Career Advice Feb 27 2012

CFOs Aren't Just Number Crunchers Anymore

By robert a. howell

It's time to change the way we think about CFOs—and the way they think about themselves.

The current view—which gets pushed by business schools and carried into the executive suite—sees finance officers as little more than number crunchers. They settle the books and look after regulatory compliance, without taking any bigger role in steering company strategy. CFOs analyze the financial impact of a company's moves after they're made—not when they're still being planned.

But that approach just doesn't work anymore, for CFOs or the companies they serve. The world is changing too fast and economic uncertainty is too great to leave finance officers out of executive decision-making. The risk of disaster from an ill-advised move is greater now than ever; think of megamergers that end up costing the acquiring company too much and ultimately destroy shareholder value.

Simply put, the people who have the strongest grasp of a company's finances need to be part of the strategic thinking from the ground up. Not only should they crunch the numbers on potential moves like mergers, but they should also generate strategies themselves, by analyzing the likely financial impact of industry trends and other big issues. Strategy and finance should be like two sides of a coin—inseparable.

Certainly, some CFOs have already moved in that direction and have been rewarded for it, including succeeding to the CEO seat, but most aren't in that role yet. At The Wall Street Journal's inaugural CFO Network in June 2011, the chief financial officers from some of the world's largest companies in attendance were asked to rank their priorities. At the top of the list: "become a strategic CFO."

Here's a look at some changes that can help companies and finance officers move the CFO into a more strategic role.

Traditional CFOs and financial organizations tend to focus on historical results, or looking backward. That includes closing the books, reporting financial results and comparing those financial results with previously established targets. There is no question that companies have to have strong compliance and internal controls, and CFOs have to be held accountable for them. Strategy, on the other hand, is all about looking forward, and figuring out how to create additional shareholder value.

So, if a CFO and finance organization are going to be considered strategic assets, they must be actively involved in identifying value. They should look for potential acquisitions, attractive markets to enter, product lines to expand and other investments to make—and then see how those moves might pan out by running the numbers.

To that end, the company should make sure the finance officer has a strong controller and chief accounting officer in place, so that the CFO and others in the finance organization develop the skills and have the time to devote to strategic issues.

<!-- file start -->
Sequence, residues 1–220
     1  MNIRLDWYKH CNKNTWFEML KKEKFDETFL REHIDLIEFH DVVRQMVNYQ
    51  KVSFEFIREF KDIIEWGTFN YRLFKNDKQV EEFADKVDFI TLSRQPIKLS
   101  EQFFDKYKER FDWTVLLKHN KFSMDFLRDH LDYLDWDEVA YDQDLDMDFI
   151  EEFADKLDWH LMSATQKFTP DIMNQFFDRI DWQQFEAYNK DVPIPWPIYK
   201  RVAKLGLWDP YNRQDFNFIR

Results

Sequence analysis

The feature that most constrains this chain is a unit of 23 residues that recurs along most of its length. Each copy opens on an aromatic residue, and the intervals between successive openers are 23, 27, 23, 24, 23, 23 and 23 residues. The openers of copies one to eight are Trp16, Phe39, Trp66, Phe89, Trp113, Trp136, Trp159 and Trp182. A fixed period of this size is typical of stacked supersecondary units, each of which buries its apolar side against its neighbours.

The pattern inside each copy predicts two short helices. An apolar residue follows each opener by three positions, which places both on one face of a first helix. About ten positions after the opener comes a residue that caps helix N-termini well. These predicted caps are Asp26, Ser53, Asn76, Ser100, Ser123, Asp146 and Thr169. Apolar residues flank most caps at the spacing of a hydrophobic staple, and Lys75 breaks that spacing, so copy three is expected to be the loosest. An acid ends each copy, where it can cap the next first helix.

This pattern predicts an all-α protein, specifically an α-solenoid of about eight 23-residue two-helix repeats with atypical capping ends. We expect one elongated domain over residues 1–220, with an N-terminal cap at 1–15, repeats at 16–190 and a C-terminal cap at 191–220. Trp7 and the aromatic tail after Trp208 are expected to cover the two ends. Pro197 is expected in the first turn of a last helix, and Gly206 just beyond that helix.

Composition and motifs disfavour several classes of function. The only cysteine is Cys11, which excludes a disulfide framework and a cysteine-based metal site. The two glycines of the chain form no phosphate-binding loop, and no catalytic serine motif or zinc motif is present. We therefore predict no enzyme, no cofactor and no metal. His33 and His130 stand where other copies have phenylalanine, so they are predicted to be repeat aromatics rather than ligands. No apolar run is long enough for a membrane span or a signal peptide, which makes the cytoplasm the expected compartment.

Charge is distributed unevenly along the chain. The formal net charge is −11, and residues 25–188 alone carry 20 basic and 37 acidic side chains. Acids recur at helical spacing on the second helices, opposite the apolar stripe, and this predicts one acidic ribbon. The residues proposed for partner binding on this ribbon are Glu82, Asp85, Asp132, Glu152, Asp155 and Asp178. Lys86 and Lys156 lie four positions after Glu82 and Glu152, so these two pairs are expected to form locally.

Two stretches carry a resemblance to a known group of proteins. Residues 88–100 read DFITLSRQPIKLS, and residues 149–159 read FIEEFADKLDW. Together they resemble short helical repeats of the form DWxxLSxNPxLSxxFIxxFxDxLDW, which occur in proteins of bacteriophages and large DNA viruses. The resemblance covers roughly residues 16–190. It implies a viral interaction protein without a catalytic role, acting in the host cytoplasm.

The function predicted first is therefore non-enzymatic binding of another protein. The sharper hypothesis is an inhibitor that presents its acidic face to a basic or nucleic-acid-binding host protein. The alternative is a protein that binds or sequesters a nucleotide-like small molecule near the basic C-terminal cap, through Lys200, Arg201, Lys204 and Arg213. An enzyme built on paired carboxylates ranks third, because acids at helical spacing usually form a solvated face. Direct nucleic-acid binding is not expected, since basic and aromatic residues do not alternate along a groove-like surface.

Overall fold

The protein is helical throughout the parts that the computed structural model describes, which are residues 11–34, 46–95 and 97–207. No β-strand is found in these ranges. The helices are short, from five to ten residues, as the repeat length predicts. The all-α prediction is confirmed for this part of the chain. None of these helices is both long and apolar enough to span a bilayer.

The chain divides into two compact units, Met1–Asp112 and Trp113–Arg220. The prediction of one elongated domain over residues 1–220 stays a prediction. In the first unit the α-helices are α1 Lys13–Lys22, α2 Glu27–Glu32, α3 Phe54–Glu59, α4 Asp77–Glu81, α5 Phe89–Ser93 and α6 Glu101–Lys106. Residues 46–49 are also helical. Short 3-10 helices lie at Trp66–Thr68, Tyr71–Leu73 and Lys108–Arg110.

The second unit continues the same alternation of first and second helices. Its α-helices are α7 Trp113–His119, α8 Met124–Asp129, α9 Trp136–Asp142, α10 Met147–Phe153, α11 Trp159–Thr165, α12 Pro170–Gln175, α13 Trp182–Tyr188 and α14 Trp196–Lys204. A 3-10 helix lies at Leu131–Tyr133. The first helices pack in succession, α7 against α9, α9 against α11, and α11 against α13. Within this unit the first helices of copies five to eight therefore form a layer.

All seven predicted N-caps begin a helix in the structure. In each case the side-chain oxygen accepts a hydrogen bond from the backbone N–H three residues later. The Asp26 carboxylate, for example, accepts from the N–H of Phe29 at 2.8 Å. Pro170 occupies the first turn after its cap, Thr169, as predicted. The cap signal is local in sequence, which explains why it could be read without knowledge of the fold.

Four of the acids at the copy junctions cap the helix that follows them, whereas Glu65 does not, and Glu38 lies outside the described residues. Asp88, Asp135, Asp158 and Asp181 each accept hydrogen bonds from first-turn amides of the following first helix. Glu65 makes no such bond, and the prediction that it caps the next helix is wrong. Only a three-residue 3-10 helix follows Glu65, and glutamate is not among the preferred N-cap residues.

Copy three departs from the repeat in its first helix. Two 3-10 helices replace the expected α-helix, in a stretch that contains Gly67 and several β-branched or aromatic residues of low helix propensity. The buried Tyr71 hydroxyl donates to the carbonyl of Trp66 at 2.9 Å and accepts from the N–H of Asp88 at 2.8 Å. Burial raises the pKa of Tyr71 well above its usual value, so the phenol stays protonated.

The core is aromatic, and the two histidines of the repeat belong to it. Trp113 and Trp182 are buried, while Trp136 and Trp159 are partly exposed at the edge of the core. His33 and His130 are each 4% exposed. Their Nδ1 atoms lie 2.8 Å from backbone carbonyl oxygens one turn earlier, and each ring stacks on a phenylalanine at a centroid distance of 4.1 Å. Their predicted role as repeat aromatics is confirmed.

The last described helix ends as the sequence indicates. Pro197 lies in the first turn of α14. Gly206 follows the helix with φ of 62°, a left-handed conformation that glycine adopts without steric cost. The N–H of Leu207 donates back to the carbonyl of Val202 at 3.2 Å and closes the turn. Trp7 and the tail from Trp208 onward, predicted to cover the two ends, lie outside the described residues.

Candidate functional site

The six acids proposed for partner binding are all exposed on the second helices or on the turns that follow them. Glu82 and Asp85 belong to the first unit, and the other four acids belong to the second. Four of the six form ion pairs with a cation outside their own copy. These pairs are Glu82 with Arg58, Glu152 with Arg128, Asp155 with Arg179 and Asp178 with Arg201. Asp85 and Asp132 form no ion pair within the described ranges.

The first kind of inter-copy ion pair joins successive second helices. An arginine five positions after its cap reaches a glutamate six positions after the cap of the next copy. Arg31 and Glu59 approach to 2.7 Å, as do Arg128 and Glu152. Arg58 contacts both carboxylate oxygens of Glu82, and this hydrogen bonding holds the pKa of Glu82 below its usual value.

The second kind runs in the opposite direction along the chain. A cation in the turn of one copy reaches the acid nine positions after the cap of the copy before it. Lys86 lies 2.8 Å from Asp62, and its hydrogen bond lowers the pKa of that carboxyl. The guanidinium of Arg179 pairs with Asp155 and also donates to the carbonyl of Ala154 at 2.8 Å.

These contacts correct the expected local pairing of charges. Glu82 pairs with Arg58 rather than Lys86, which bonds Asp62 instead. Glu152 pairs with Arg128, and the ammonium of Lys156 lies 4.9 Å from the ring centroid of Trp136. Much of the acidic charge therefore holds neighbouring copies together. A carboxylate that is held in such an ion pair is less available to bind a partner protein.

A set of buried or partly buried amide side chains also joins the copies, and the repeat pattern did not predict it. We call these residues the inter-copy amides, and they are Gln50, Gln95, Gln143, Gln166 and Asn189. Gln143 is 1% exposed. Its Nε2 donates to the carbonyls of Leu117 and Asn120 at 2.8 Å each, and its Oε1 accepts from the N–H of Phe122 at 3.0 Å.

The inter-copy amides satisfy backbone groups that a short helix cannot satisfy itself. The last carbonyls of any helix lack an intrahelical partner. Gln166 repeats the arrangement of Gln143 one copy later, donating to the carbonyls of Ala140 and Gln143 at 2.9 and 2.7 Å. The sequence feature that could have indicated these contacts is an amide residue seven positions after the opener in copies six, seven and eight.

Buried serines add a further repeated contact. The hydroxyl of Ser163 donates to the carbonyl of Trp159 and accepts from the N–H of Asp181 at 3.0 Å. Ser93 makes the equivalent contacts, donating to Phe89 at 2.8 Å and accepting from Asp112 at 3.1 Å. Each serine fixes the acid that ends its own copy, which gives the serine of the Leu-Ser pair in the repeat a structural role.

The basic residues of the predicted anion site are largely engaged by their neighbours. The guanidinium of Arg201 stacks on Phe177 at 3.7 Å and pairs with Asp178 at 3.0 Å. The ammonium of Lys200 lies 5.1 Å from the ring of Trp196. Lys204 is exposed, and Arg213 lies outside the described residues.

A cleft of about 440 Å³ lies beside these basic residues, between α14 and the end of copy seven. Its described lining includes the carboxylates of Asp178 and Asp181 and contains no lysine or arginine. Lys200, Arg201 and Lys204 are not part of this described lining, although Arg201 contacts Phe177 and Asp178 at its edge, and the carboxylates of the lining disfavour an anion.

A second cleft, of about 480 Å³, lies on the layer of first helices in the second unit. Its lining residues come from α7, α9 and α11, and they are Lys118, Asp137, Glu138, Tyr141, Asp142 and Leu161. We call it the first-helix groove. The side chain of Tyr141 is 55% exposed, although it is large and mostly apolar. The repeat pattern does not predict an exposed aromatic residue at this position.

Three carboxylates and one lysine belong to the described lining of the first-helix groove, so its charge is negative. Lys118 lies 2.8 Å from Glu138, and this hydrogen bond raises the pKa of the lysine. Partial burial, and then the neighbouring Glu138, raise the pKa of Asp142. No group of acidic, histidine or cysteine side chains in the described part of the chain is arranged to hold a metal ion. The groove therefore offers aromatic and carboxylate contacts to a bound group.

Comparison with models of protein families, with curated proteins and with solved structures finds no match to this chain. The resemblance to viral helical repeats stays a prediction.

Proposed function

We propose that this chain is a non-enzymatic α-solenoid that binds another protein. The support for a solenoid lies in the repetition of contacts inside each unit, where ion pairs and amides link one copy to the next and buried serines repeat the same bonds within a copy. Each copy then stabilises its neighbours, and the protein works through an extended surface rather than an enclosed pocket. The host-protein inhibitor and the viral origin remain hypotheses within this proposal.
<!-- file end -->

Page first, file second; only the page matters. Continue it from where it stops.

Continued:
Every decision starts by considering the alternatives, and the critical elements to each alternative, before dropping down into the financial analysis of each. For example, should the company grow externally by acquisition or organically? Should it expand its markets globally, or stay closer to home?

These sorts of questions are fundamental to the strategic direction of the company, and a CFO must put them front and center.

Take the issue of external versus organic growth. One has to consider the current value of the acquiring company, the future prospects of any target acquisition, the benefits to be realized by putting the two organizations together, the anticipated integration costs and other issues of fit—and whether, after everything is put together, the combination will result in significantly increased shareholder value for the buying company.

Many CFOs and finance organizations tend to be focused on the internal operations of their company. But having a firm grasp of the world beyond the company is just as crucial.

The strategic CFO and finance organization must spend considerable time and effort understanding the company's markets and customers, competitors and suppliers. Which markets and customers represent the greatest value-creating potential? What are competitors doing, and likely to do, relative to the company's customer base? How can the relationship with important suppliers be further enhanced?

Understanding all that means lots of homework: studying the different existing and potential markets, and the economics of key customers, as well as existing and potential competitors. At an even higher level, the CFO has to study up on changing trends in politics, technology, the broader economy and elsewhere that might have an impact on the company.

Indeed, strategic CFOs must have an appetite for focusing on, and understanding, the external world around the company. Having this understanding lets CFOs introduce and promote new strategic alternatives—and bring more value to the company and its shareholders.

This story first appeared on WSJ.com.

Dr. Howell is distinguished visiting professor at the Tuck School of Business at Dartmouth College.
He can be reached at reports@wsj.com.




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